In Honor of Educators

Error: Very Embarrassing Mistake

“Teaching requires a level of patience that I do not myself possess, and I have huge respect for people who do.”

Please excuse that typo. I am not at all patient - proven again here, when I sent this newsletter without one last proofread.

In Honor of Educators

Teachers, Pride Month and Dads Who Care

Teachers have been a reappearing theme in my research, so I thought – as the end of another academic year wraps up – I would dedicate this month’s newsletter to teachers.

Last month I published my first article in Scary Mommy. It details a situation that we went through in our family, and I give 100% credit to my son’s teacher who – I believe – handled the situation perfectly. She could have shrugged it off, assumed the kids would work it out and/or tell my son to buck up. But she didn’t – she stepped in, made a big deal out of a gendered comment, and turned a sad incident into a teachable moment.

I’ve always had a soft spot for educators. My mom is a retired art teacher, and I was surrounded by her teacher-friends growing up. (Still am, in many ways!) Teaching requires a level of patience that I do not myself possess, and I have huge respect for people who do. So I was excited to see a common link between equal partners and teachers while conducting research. Let me go back a step and explain…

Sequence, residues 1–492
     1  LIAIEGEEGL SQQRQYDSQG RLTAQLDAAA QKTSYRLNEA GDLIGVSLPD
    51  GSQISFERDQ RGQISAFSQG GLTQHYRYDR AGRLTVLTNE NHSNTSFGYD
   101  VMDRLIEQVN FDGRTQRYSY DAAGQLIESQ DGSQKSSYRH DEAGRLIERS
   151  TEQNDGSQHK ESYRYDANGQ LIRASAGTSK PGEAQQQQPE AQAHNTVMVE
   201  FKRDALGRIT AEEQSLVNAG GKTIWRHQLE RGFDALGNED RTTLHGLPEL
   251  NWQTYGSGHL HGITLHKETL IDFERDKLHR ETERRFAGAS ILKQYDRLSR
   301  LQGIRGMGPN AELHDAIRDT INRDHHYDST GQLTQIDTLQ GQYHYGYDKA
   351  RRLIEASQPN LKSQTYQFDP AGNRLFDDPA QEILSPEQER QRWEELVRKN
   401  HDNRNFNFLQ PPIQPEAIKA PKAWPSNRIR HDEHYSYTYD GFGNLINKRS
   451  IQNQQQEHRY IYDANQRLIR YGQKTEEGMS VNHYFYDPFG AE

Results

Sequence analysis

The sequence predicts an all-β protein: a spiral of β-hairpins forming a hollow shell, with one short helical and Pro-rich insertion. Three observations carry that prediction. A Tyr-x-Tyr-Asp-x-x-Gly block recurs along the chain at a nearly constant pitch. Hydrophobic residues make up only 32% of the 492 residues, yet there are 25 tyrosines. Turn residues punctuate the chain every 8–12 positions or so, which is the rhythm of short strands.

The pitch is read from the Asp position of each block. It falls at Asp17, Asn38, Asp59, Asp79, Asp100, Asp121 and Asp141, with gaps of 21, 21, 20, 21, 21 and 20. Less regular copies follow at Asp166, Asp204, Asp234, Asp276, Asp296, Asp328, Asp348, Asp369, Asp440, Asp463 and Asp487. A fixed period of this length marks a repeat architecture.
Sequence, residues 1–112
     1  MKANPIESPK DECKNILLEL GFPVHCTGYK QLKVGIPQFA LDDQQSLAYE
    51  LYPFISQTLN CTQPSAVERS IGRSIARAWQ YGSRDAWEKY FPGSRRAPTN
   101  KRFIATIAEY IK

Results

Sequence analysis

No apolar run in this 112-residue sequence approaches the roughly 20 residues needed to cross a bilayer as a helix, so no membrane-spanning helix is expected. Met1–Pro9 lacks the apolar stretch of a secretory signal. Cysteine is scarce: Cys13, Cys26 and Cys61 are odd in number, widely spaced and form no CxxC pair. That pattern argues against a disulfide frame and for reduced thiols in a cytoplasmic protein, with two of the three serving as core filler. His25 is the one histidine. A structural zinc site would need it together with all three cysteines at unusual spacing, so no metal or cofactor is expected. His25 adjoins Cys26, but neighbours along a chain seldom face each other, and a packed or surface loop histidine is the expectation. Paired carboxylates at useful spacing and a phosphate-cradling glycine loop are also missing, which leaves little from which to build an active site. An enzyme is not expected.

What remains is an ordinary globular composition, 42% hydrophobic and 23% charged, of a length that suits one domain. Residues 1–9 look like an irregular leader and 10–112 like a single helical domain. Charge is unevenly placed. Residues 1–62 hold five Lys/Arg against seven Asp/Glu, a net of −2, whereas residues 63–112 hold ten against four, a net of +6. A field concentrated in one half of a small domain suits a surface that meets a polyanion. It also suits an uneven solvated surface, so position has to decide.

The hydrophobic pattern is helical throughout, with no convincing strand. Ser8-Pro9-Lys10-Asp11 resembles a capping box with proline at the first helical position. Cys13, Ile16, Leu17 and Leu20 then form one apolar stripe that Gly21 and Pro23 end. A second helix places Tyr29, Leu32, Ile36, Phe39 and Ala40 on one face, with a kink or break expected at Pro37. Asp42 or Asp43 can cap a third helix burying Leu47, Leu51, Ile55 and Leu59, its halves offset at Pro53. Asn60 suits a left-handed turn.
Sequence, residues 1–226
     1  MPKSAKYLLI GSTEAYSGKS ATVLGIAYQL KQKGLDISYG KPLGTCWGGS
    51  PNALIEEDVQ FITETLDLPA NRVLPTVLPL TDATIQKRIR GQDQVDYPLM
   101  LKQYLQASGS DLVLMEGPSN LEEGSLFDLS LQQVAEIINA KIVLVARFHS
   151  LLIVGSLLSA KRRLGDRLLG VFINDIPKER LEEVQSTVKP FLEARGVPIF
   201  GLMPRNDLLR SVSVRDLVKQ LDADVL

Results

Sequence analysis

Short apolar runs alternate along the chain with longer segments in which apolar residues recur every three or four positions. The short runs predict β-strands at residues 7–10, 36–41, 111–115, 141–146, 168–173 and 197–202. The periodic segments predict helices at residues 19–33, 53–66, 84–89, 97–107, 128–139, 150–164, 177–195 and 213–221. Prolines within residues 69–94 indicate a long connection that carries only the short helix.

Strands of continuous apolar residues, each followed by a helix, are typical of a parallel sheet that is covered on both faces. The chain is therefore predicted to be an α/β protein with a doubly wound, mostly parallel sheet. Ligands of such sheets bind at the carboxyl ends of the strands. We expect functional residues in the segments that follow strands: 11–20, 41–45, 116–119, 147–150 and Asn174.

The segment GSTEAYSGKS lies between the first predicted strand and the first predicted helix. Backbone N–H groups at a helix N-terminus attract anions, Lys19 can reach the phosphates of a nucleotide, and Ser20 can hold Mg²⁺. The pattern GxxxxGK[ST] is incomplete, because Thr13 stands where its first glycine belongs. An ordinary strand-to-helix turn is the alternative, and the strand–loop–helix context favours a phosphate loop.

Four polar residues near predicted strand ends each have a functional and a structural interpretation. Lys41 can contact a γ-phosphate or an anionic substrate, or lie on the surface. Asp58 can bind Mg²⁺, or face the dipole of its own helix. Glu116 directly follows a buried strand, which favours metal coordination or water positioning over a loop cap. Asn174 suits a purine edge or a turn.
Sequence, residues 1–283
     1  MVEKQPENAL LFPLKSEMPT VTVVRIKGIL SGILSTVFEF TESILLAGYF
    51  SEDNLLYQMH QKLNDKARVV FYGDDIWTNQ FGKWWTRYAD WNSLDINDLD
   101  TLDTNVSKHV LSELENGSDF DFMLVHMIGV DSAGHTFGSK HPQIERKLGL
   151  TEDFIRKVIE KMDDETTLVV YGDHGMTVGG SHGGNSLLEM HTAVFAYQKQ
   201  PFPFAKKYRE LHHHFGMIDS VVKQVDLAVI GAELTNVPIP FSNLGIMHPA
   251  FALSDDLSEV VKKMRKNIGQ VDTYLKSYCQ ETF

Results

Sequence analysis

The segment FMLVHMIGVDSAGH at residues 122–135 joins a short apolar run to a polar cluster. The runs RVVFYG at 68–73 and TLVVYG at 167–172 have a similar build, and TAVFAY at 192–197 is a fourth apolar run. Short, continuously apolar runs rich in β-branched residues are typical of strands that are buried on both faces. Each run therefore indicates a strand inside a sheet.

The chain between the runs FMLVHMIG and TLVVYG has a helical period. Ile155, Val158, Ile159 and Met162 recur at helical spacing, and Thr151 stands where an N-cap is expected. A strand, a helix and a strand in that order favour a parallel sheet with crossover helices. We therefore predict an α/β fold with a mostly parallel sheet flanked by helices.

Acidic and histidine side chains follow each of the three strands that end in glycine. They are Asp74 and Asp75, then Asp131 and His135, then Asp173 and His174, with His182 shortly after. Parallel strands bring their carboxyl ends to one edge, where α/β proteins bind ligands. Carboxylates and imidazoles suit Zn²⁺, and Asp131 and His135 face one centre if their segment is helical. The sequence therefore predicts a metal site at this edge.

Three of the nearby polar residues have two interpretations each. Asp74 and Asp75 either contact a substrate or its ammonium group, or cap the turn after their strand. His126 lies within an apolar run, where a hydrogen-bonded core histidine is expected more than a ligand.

Most of you know that at the heart of my book Equal Partners is detailed information from 40 interviews I did with men who, in my definition, live as “equal partners” in their home. Not men who “help” their partner from time to time, but men who intentionally work against gender norms to do half the physical and cognitive tasks in their household. For ease, I call these guys the EP40.

I didn’t mention this fact in my chapters, but it is worth noting that of those forty men, ten work in education; I interviewed an elementary school teacher, a middle-school teacher, a special-ed teacher, a few high school teachers, a few men in higher education and a few coaches. Education was the most common sector of the EP40.

It was becoming such a popular job category that when I was on interview #29, and met yet another teacher, I decided to raise the issue. I was speaking to a man I’ll call Jack, who lives in Vermont with his partner and two kids. I told Jack that I was meeting many men who worked in education, and asked him what he thought about it; what is it about male teachers that makes them likely to be equal partners in the home? Jack explained that in his mind, it is actually the other way around. He told me, “I think men who are drawn to education are pretty introspective. We’re probably already comfortable with alternative masculinities, since we were drawn to a career that is still really coded for women. I think male teachers are already comfortable going against the gender grain.”

Today I raise my coffee cup to teachers and coaches; to all those who figured out how to pivot to virtual learning, and who showed up in the classroom despite the risks of infection themselves. I thank the teachers who patiently and lovingly reminded my kids over and over (and over and over) to keep their mask on, socially distance, and sanitize. Thank you!